Coal Tattoo

MSHA: Roof not supported at Dotiki Mine

The U.S. Mine Safety and Health Administration just issued its report on that roof collapse that killed two workers in April at Alliance Resource Partners’ Dotiki Mine in Hopkins County, Ky.

You can read the full report here, but this is the text of the citation issued by MSHA inspectors after their investigation:

The roof was not adequately supported or otherwise controlled to protect persons from hazards related to falls of the roof. On April 28, 2010, two miners received fatal injuries from a roof fall in the face area of the No. 3 Entry, inby Crosscut 25, on the No. 6 Working Section, 2nd SE Panel off 2nd NE Sub-Mains. The unsupported area above the deep cut allowed the overlying roof that was weakened by slickensides (slips) to break the layers of strata. A massive section of roof, up to 76 feet long, 19 feet wide, and a maximum 10 feet thick, fell on the area that included the two miners and the continuous mining machine. Ten rows of bolts were disturbed (pulled out) because of the roof fall. Overburden across the face area inby the feeder ranges from 875 to 900 feet. Reportedly, no supplemental support had been installed in the roof fall area. The roof support was installed according to the approved roof control plan. This citation is being issued as enforcement action based upon the fatal accident investigation.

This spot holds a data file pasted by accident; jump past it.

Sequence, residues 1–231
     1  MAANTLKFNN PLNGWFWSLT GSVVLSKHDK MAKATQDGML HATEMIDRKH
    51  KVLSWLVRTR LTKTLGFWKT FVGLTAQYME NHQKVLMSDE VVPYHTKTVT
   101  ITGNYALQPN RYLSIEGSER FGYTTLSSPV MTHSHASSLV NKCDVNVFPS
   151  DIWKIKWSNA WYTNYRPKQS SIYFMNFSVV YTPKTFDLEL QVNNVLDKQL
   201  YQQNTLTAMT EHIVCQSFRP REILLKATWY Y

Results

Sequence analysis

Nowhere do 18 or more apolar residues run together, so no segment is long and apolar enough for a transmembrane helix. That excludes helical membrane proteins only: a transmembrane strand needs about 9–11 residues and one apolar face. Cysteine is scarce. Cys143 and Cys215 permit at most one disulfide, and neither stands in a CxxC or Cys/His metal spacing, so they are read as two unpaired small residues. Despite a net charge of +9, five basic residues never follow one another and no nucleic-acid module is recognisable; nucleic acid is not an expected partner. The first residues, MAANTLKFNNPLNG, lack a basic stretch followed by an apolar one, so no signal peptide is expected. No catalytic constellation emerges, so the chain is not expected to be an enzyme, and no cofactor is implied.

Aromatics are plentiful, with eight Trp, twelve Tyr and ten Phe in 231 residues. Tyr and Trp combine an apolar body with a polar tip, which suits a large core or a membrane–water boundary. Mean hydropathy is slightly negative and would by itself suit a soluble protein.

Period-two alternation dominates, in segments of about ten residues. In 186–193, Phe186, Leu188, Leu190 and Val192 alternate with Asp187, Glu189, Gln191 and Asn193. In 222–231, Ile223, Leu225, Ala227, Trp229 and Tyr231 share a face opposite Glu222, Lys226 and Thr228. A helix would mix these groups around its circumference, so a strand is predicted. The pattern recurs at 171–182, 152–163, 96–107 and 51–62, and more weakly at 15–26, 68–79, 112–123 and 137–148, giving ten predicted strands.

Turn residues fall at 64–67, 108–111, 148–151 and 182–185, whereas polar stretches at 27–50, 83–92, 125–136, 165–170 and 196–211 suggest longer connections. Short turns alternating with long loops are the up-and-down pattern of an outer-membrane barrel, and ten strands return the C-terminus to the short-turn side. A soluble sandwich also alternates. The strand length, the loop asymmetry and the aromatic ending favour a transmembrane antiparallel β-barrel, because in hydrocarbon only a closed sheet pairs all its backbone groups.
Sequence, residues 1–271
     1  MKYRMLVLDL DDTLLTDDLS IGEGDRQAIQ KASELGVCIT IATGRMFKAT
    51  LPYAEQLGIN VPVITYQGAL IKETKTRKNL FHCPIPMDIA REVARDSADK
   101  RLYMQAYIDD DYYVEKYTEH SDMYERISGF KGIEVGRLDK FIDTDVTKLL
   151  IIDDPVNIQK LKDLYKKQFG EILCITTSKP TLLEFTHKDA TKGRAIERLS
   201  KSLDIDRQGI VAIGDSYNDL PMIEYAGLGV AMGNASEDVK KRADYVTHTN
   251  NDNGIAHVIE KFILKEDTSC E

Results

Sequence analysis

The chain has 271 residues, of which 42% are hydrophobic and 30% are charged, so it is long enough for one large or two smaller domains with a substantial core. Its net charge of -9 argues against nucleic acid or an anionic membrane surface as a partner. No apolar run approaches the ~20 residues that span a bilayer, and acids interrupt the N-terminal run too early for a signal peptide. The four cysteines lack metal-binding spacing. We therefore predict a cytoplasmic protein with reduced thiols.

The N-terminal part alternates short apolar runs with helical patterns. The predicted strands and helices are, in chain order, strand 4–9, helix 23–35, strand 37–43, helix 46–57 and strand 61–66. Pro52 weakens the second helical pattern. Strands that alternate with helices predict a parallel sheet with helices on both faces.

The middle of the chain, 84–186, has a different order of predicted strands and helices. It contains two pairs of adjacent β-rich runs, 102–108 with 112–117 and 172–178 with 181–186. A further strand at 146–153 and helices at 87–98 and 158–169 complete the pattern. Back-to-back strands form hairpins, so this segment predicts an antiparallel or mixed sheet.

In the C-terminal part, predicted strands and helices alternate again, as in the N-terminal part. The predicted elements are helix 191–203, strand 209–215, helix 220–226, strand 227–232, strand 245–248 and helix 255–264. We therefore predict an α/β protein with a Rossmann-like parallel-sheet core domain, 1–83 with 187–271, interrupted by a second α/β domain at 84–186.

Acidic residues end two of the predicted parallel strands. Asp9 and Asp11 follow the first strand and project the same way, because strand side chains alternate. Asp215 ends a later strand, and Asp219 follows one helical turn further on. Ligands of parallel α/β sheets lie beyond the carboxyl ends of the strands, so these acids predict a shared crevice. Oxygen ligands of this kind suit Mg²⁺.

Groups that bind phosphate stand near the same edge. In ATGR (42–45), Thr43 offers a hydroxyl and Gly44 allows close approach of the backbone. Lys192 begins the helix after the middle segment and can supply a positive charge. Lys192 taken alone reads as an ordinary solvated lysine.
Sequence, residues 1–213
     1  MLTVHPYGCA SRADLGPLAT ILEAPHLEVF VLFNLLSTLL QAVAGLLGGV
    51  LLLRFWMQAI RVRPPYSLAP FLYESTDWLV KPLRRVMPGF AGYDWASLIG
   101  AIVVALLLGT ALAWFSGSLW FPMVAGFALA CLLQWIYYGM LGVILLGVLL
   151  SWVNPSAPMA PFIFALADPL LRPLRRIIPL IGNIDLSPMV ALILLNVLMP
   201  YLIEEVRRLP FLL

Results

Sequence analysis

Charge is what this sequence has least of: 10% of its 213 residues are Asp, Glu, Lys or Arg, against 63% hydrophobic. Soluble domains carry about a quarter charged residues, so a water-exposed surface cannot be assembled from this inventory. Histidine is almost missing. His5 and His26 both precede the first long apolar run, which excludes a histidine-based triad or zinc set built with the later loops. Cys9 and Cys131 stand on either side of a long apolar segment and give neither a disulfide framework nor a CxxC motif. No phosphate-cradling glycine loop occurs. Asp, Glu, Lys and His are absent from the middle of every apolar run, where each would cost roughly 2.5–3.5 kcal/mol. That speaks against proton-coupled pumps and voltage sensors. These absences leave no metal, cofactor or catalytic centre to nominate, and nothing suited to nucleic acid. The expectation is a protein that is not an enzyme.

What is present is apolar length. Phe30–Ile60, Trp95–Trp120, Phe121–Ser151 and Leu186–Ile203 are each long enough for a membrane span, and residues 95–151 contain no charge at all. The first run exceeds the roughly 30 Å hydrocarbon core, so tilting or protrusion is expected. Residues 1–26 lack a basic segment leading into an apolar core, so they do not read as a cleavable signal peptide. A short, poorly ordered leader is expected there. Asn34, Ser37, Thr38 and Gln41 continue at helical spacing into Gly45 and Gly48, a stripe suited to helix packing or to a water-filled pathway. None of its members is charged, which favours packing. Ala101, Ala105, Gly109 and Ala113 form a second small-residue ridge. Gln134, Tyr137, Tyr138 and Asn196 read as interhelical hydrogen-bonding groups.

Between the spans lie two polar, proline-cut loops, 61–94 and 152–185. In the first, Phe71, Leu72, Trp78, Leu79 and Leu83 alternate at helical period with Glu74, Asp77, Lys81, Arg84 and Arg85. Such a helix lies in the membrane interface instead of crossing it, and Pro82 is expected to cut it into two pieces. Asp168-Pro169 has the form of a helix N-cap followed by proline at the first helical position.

While the company’s MSHA-approved roof control plan was apparently being followed at the time of the accident, federal inspectors concluded:

The mine operator failed to detect the presence of slickensides, which dismembered the overlying shale and sandy shale beds and caused the roof to fall.

Killed in this tragedy were Michael W. Carter, a continuous mining machine helper with 2 years mining experience, and Justin W. Travis, a continuing mining machine operator with 3 1/2 years experience.

Previous posts about this accident are available here, here and here.